1000
  • 40 deaths per 1000 population per year for
    age group 25-34

20
Measure of Mortality Cause-Specific Death
Rate
  • Defined as the number of deaths assigned to a
    specific cause in a calendar year, divided by the
    population on July of that year, the quotient
    multiplied by 100,000
  • Example
  • Country, Yr - cause accidents population
    5,000,000 deaths 4,000
  • Cause-specific death rate 4,000/5,000,000 x
    100,000
  • 80 accidental deaths per 100,000 population
    per year

21
Measure of Mortality Proportional Mortality
Ratio
  • Defined as the number of deaths assigned to a
    specific cause in a calendar year, divided by the
    total number of deaths in that year, the quotient
    multiplied by 100
  • Example
  • Country, Yr - total deaths from all causes
    1,500,000 deaths from cancer 675,000
  • Proportional mortality ratio 675,000/1,500,000
    x 100
  • 45 of total deaths per year from cancer

22
Measure of Mortality Infant Mortality Rate
  • Defined as the number of deaths of persons age
    0-1 in a calendar year, divided by the number of
    live births in that year, quotient multiplied by
    1000
  • Example
  • State, Yr - live births 325,000 infant deaths
    1,750
  • Infant mortality 1,750/325,000 x 1000
  • 5.4 infant deaths per 1000 live births per year

23
Measure of Mortality Maternal Mortality Ratio
  • Defined as the number of deaths assigned to
    puerperal causes (i.e., childbearing) in a
    calendar year divided by the number of live
    births in that year, the quotient multiplied by
    100,000.
  • Example
  • Country, Yr - deaths due to puerperal causes
    275 live births 1,750,000.
  • Maternal mortality ratio 275/1,750,000 x 100,000
  • 15.71 maternal deaths per 100,000 live births
    per year

24
Measure of Mortality Neonatal Mortality
Proportion
  • Defined as the number of deaths of neonates
    (infants divided by number of live births in that year,
    the quotient multiplied by 1000
  • Example
  • State, Yr - deaths at births 325,000
  • Neonatal mortality proportion 2,750/325,000 x
    1000
  • 8.5 neonatal deaths per 1000 live births

25
Measure of Mortality Fetal Death Ratio
  • Defined as the number of fetal deaths in a
    calendar years, divided by the number of live
    deaths in that year, the quotient multiplied by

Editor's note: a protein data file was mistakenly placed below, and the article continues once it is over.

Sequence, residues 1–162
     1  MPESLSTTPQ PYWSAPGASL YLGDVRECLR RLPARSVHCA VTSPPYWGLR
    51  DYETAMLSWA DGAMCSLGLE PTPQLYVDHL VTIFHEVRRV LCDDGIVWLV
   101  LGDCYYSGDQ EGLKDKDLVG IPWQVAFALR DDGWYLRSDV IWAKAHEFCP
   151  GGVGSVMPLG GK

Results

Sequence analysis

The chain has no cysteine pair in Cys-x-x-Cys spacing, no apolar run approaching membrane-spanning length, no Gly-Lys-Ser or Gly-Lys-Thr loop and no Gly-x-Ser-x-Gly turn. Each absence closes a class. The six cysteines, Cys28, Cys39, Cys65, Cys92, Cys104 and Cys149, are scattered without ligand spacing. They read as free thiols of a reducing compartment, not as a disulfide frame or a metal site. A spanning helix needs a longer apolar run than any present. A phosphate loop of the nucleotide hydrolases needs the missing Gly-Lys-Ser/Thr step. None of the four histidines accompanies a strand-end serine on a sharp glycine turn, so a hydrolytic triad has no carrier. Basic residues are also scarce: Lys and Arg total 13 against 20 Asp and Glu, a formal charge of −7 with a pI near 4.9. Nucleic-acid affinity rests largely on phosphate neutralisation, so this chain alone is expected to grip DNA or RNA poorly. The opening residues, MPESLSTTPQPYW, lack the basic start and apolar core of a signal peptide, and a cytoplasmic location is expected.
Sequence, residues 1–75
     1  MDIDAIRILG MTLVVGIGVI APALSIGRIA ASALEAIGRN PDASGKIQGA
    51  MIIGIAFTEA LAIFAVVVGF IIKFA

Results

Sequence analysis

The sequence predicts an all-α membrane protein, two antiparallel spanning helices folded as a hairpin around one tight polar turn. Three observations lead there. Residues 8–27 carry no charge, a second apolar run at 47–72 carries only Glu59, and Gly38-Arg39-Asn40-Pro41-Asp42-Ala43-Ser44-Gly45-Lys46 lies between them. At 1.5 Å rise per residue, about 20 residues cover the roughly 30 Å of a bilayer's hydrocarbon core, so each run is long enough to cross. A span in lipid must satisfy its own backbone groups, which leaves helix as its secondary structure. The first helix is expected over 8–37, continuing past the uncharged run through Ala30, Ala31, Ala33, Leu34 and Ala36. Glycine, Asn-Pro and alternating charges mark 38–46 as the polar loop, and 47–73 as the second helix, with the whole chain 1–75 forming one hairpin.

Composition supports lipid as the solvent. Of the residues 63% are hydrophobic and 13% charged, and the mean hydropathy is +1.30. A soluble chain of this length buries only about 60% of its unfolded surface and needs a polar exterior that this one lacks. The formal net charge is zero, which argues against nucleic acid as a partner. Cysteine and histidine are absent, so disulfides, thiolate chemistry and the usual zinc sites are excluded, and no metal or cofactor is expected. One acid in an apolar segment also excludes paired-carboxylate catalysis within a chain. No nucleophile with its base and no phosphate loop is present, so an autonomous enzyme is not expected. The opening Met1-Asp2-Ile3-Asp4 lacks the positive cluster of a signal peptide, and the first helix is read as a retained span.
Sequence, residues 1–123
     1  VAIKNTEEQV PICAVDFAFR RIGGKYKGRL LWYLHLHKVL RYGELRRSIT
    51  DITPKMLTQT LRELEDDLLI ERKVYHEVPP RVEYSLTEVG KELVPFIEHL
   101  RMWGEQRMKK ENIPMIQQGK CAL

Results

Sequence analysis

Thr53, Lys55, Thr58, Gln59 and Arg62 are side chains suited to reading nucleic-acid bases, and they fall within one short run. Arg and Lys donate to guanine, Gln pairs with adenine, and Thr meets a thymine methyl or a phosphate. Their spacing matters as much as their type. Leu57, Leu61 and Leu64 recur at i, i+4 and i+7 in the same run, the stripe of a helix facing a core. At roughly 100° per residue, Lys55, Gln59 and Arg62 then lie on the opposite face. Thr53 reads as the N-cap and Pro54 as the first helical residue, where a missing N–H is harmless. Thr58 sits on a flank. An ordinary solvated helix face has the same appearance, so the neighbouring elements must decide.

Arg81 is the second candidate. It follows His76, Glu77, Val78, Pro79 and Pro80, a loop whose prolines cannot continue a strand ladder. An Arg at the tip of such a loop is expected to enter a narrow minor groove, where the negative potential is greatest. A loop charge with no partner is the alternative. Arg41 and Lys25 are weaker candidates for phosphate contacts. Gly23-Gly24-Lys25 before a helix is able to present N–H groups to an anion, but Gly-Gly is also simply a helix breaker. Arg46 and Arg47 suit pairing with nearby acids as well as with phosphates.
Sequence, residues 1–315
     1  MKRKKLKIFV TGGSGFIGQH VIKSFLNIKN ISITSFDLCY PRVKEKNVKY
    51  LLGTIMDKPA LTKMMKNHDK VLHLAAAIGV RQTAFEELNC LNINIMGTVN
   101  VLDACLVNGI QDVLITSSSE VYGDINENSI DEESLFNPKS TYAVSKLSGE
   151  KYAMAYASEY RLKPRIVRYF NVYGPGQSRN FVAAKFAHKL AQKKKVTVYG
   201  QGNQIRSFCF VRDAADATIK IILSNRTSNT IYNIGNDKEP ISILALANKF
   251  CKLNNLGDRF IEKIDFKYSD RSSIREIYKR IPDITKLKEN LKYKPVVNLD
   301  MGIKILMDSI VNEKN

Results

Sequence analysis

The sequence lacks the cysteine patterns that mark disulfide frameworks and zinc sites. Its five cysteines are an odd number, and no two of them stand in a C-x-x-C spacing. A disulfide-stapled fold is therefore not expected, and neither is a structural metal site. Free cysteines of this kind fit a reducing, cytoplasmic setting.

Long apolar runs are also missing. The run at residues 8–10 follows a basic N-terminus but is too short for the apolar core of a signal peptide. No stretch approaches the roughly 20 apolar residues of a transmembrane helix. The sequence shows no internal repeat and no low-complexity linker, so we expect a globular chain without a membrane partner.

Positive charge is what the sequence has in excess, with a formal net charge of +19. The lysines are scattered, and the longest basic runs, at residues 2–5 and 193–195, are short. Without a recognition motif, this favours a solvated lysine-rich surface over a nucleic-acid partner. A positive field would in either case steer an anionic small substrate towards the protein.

1000.
  • Example
  • State, Yr - fetal deaths 2,450 live births
    525,000
  • Fetal death ratio 2,450/525,000 x 1000
  • 4.7 fetal deaths per 1000 live births

26
Measure of Mortality Perinatal Mortality
Proportion
  • Defined as the number of fetal plus neonatal
    deaths, divided by the number of live births plus
    fetal deaths, the quotient multiplied by 1000
  • Example
  • State, Yr - fetal deaths 3,250 neonatal deaths
    5,750
  • live births 475,000
  • Perinatal mortality proportion
    3,2505,750/475,000
  • 3,250 x 1000
  • 18.8 perinatal deaths per 1000 fetal deaths
    plus live births

27
Measure of Fertility Crude Birthrate
  • Defined as the number of live births in a
    calendar year, divided by the population at July
    1 of that year, the quotient multiplied by 1000
  • Example
  • State, Yr - live births 250,000 population
    30,000,000
  • Crude birthrate 250,000/30,000,000 x 1000
  • 8.3 live births per 1000 population per year

28
Measure of Fertility General Fertility Rate
  • Defined as the number of live births in a
    calendar year, divided by the number of women
    ages 15-44 at midyear, quotient multiplied by
    1000
  • Example
  • Country, Yr - live births 7,500,000 number of
    women ages 15-44 35,000,000
  • General fertility rate 7,500,000/35,000,000 x
    1000
  • 214.3 live births per 1000 women ages 15-44
    per year

29
Measure of Morbidity Incidence Rate
  • Defined as the number of newly reported cases of
    a given disease in a calendar year, divided by
    the population on July 1 of that year, the
    quotient multiplied by either 1000, 100,000, or
    1,000,000 (whatevers convenient).
  • Example
  • State, Yr - new cases of AIDS reported 5,250
    population 35,000,000
  • Incidence rate 5,250/35,000,000 x 100,000
  • 15 new AIDS cases per 100,000

30
Measure of Morbidity Prevalence Proportion
  • Defined as the number of existing cases of a
    given disease at a given time, divided by the
    population at that time, the quotient multiplied
    by 1000, 100,000, or 1,000,000 (whatevers
    convenient)
  • Example
  • Country, Yr - number of men alive with AIDS
    3,750 population 15,000,000 men
  • Prevalence proportion 3,750/15,000,000 x 100,000
  • 25 AIDS cases per 100,000 men

31
Measure of Morbidity Case-Fatality Proportion
  • Defined as the number of deaths assigned to a
    given cause in a certain period, divided by
    number of cases of the disease reported during
    the same period, the quotient multiplied by 100.
  • Example
  • Country, Yr - report number of male AIDS cases
    45,000 deaths from the disease 37,000.
  • Case-fatality proportion 37,000/45,000 x 100
  • 82.2 mortality among reported cases of AIDS

32
Adjustment of Rates (or, Rate Adjustment)
  • Adjusting, or standardizing, rates is used to
    make valid comparisons between populations that
    may differ in some significant way (i.e., age
    distribution).
  • Standardized rates have no meaning in isolation,
    since adjusted rates are artificial.
  • Depending on type of data - there are two methods
    to adjust rates - direct (preferred) and
    indirect.
  • The numerical values of the adjusted rates depend
    on the choice of the standard population.